This would be only my 10th parkrun event that I was turning up to run. So I want to just start by saying thanks to all the regular runners who have taken the step forward to give volunteering a go! I ran 4 parkrun’s before deciding to volunteer and for me, I got hooked! I have volunteered countless times now and I have made a great bunch of new friends. My running has improved with all the helpful advice and training that I have received from some of the core team and regulars at Strathclyde parkrun. It’s strange to think that coming to a parkrun event and not running has actually improved my overall running....with all the invaluable support, advice, training tips and encouragement from all the team. So if you have been thinking about volunteering then please do put your name forward. Not only are you contributing to the event and ensuring that it’s a success but you are giving someone else the opportunity to run that week. Thanks to everyone who has volunteered!
The run its self was going to be a challenge for me, not only had I just completed a hard 1 hour circuit session with John Allan (the warm-up guy) but I was to pace. My PB at parkrun is 21.31 so you may think that wearing the 24 minute pacer vest should be easy for me, it’s not. Trying to run with a consistent pace, not speeding up and slowing down is hard.
We had our usual dynamic warm-up led by John Allan before being marched up to the starting line by race director Moira Nicol. It was ideal conditions for running at Strathclyde Park, the wind from the night before had died down and the sky was clear and blue, temperatures perfect. The safety brief was given and the wheelchair event started. After a short wait, the runners were let loose. I tried to take the first 1K just that little bit slower than my others, hoping that some of the runners around me would be encouraged to stick with me knowing that the pace was somewhat comfortable. At the 1K mark I was dead on 5 minutes, I was conscious of a couple of runners at my back and was hoping to have them on my tail the whole way round. I knocked a couple of seconds off the pace and coming up to the 2K mark I was at 9 minutes 40 seconds, almost perfect for a 24 minute parkrun, still with a few runners around me. I hit the puddle after the 2K mark, running right through the middle of it, great fun! Running passed Ella Edge who was hoping to get as near to a 24 minute time as possible. Some quick words of encouragement and I continued with my run. I had made it to the turn and was back on target for the road back. By this point I only had a single runner who was right behind me the whole way on the home stretch. I manage to shout a few words of support before encouraging him to take the lead and go for it on the long stretch back. At the 4K point I was on 19 minutes 11 seconds, all I had to do was keep the pace and I would be in on time. I enjoyed the last few hundred metres as all the runners who were beginning to slow down clocked me in the pacer vest and began to push it again, 3 or 4 runners managed to keep up the pace and finish in front of me. The last 100 metres felt strange, trying to come in as close to 24 minutes as I could this eliminated my usual sprint finish. Crossing the line at 23 minutes and 59 seconds, I was delighted, an enjoyable, controlled run. It was nice to get some words of encouragement from Thomas Wilson of Strathaven Striders who noted my steady pace throughout the race. The experience of pacing made this one of my most enjoyable parkrun’s.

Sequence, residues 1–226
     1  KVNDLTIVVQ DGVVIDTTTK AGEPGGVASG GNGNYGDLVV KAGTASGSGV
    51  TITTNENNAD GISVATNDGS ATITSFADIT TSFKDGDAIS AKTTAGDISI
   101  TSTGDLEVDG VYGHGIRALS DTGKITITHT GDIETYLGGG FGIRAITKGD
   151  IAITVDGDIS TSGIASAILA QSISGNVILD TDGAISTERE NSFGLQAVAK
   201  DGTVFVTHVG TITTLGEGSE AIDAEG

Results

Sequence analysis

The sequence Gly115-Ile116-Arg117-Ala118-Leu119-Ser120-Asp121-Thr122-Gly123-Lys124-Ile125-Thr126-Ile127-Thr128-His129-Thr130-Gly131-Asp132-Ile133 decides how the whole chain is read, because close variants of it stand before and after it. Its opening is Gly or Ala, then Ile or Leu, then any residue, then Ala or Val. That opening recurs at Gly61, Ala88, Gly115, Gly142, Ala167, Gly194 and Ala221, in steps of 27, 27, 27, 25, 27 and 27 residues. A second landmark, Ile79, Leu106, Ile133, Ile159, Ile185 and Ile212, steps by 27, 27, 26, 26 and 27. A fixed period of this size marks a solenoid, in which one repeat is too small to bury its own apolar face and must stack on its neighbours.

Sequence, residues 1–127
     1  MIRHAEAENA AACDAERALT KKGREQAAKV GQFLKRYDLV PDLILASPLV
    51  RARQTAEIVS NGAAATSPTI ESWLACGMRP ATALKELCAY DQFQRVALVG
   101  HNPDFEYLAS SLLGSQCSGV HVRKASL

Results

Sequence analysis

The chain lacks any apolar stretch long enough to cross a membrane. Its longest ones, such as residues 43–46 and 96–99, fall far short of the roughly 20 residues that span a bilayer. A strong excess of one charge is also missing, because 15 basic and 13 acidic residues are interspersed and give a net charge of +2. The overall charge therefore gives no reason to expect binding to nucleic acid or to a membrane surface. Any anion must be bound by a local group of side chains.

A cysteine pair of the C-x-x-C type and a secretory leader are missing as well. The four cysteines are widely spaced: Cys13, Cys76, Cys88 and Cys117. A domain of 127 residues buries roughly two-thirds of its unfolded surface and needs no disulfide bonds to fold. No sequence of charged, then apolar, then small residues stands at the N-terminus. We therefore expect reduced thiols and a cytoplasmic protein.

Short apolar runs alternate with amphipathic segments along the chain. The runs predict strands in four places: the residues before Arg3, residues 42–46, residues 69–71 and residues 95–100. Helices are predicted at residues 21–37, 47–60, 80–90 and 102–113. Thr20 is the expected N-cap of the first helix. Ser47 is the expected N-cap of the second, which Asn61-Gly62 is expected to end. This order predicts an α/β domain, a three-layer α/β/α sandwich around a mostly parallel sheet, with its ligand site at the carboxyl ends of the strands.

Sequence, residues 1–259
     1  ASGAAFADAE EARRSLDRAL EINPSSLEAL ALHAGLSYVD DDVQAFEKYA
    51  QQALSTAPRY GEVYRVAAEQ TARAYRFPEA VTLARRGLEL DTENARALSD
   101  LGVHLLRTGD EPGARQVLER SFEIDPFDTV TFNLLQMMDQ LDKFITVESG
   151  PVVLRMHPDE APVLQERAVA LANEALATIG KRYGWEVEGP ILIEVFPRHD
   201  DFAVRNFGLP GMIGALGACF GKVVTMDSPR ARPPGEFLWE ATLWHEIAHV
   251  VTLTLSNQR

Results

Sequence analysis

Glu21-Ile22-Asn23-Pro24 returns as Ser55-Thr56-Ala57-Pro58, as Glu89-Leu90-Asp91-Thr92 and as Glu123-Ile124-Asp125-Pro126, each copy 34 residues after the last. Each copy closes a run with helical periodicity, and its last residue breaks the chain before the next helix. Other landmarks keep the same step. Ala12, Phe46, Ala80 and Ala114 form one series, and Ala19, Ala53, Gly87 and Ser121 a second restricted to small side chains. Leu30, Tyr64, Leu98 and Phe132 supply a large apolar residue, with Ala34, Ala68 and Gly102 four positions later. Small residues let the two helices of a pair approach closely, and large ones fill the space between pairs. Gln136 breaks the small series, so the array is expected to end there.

The race wasn’t over for everyone so I headed up to the 100m marker and gave cheering and shouting a go. It was great to see runners’ faces lighting up and giving it there all for a sprint finish. Well done everyone!
This week we had a total of 117 runners, 15 first timers and a massive 35 personal bests, a couple of which I hope I helped people achieve!
See you all next week!